Circulating fans to the summertime rescue! Circulating fans include ceiling fans, table fans, floor fans and fans mounted to poles or walls. These devices create a wind chill effect that will make you more comfortable in your home, even if it’s cooled by natural ventilation or air conditioning. Ceiling fans are considered the most effective of these fans. If you use air conditioning, a ceiling fan will allow you to raise the thermostat setting about 4 degrees F with no reduction in comfort. During moderately hot weather, ceiling fans may allow you to avoid using your air conditioner altogether. Install a fan in each room that needs to be cooled during hot weather. Ceiling fans are only appropriate in rooms with ceilings at least eight feet high. Fans work best when the blades are seven to nine feet above the floor and 10 to 12 inches below the ceiling. Fans should be installed so the blades are no closer than eight inches from the ceiling and 18 inches from the walls.
Larger ceiling fans can move more air than smaller fans. that operates quietly and smoothly will probably offer more trouble-free service than cheaper units. Check the A 36- or 44-inch diameter fan will cool rooms up to 225 square feet, while fans that are 52 inches or more should noise ratings, and, if possible, listen to the fan in operabe used in larger rooms. Multiple fans work best in rooms tion before you buy it. When buying window fans, look for the ENERGY STAR® longer than 18 feet. Small- and medium-sized fans will label. Fans that earn the label move air 20 percent more provide efficient cooling in a four- to six-foot diameter efficiently, on average, than standard models. area, while larger fans are effective up to 10 feet. A larger blade will also provide comparable cooling at a lower velocity than a smaller blade. Heat from sunlight coming through windows and hitting the roof can This may be important increase air conditioner use significantly. in areas where loose paUse shade trees and shrubs in pers or other objects will landscaping design to reduce be disturbed by a strong cooling costs. Block heat in breeze. the summer–but let it The fan should also be through in the fitted to the aesthetics winter–with deciduous of the room—a large trees, which will lose fan may appear overtheir leaves in powering in a small the winter. room. A more expensive fan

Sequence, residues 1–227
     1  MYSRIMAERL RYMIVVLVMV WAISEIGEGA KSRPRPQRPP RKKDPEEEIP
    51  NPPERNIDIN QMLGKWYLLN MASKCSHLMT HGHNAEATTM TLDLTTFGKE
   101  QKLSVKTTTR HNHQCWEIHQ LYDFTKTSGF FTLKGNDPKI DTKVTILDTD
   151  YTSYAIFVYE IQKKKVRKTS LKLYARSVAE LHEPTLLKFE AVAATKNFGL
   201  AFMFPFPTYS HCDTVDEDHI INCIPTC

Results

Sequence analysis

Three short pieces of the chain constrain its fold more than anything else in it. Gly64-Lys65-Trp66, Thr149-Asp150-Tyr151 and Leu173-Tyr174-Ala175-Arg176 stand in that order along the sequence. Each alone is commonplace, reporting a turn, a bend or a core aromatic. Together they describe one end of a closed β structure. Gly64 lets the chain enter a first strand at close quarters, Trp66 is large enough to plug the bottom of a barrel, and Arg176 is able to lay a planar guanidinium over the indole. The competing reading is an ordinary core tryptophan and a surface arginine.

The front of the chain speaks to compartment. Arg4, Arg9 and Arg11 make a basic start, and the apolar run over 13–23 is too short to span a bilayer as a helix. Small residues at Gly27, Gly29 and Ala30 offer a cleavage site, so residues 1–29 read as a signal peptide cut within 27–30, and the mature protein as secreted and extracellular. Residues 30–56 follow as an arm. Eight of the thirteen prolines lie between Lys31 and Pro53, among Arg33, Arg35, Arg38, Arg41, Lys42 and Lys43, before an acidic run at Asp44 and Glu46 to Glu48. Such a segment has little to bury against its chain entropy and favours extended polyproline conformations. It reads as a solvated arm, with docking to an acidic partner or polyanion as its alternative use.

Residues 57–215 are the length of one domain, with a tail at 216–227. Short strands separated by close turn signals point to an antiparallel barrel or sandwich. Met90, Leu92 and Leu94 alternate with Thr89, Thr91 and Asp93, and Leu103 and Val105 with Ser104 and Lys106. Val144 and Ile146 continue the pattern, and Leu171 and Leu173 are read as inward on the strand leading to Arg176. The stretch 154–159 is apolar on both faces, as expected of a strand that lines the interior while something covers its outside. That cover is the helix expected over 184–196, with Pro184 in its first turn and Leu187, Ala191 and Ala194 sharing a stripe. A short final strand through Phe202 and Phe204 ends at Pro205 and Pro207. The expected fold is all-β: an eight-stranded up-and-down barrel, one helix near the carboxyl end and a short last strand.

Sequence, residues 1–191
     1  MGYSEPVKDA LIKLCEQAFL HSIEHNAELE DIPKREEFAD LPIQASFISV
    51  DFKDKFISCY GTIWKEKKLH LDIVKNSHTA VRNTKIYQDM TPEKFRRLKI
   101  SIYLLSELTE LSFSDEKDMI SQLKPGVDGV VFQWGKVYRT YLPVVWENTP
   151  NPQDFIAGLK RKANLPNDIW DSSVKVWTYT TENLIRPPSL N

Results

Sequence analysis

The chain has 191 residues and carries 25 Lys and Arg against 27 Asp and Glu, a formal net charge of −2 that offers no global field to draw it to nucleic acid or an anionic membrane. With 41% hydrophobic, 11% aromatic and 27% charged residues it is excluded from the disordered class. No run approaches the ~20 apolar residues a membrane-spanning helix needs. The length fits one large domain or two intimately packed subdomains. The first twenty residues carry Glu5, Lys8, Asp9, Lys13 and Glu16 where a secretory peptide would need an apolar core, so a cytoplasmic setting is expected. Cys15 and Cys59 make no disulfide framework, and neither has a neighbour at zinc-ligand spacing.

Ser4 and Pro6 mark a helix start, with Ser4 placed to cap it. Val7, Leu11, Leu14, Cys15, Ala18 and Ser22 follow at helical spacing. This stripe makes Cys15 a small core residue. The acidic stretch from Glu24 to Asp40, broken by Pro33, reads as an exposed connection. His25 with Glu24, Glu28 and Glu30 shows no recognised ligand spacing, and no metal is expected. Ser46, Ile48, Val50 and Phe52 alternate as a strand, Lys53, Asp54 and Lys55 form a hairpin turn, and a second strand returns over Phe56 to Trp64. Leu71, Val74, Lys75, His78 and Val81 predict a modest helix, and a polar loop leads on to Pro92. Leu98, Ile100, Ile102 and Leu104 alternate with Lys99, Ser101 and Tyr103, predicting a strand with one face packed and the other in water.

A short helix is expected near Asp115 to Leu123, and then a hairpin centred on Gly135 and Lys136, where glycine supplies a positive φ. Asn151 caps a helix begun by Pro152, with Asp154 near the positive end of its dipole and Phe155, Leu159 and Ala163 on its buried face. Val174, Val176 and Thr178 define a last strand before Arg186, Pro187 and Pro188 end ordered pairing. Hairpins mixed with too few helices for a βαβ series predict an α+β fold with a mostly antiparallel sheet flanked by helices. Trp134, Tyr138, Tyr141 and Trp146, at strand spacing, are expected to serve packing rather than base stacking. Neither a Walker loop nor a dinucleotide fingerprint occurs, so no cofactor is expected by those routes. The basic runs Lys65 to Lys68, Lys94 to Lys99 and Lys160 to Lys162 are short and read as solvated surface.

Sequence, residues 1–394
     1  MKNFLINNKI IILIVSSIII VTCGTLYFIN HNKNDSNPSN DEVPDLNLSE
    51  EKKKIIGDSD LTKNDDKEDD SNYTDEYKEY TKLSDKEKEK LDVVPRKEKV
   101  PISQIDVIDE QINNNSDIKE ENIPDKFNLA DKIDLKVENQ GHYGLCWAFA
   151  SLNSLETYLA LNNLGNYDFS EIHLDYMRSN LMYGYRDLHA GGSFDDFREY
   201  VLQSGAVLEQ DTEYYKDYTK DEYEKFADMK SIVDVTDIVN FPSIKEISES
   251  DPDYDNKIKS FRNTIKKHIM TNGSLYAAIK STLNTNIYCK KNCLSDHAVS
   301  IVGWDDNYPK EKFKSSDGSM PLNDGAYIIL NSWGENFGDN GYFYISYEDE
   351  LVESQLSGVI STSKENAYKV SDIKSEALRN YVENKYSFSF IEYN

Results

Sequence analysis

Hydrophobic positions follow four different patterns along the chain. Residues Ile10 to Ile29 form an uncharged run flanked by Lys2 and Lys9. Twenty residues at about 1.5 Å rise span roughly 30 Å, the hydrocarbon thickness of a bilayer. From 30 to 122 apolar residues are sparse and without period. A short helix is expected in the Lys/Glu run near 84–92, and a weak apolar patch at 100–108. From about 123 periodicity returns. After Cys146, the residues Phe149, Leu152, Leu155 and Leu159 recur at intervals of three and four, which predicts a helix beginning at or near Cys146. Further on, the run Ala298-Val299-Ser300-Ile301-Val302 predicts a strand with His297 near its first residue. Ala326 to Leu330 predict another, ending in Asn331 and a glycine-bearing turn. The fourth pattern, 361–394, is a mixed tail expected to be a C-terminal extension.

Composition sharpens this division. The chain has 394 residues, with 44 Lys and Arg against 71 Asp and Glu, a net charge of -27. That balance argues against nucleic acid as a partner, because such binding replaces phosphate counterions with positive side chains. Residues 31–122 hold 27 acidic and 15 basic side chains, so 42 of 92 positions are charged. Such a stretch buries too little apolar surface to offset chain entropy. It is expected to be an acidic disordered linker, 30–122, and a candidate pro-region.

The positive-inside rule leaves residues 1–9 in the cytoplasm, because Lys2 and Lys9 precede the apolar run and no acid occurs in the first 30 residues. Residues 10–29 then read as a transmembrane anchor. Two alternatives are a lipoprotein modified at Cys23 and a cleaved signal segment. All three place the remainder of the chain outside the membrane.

Be energy efficient!
14 ■ Today in Mississippi
Italian New Potatoes
Any Body Can Cook in a Crock-Pot FEATURED COOKBOOK:
e slow cooker is an ideal way to cook in hot weather. It doesn’t heat up the kitchen or the cook, it uses little energy and it simmers supper while you do something more important, like napping in the
hammock. If these beneﬁts alone can’t convince you to pull out the slow cooker, a new cookbook from Debbie ornton will. e Flowood resident is known for her
“blonde” series of cookbooks featuring easy-to-make recipes presented with blonde humor in a step-by-step format and large print “because I am at that age,” she writes. e recipes in ornton’s latest cookbook, “Any Body Can Cook in a Crock-Pot: Slow Cooking Your Way to Heaven,” are accompanied by scripture in place of her usual self-deprecating blonde jokes. orton shares her faith and her journey to that faith, as well as her own blonde interpretations of scripture. ornton’s slow cooker recipes are simple and call for common pantry items—just the thing for busy cooks. Recipe instructions are easy enough for the beginning cook to understand. Her previous cookbooks include “Any Blondette Can Do It! Cooking From A to Z with A.D.D.” and “Any Blonde Can Cook: Two Hundred 69 Ways to a Man’s Heart.” All are available in stores. For information, visit www.anotherblondemoment.com.
Brownie Pudding Cake 1/2 cup brown sugar 3/4 cup water 2 Tbsp. cocoa 2 1/2 cups brownie mix (half a box) 1 egg, beaten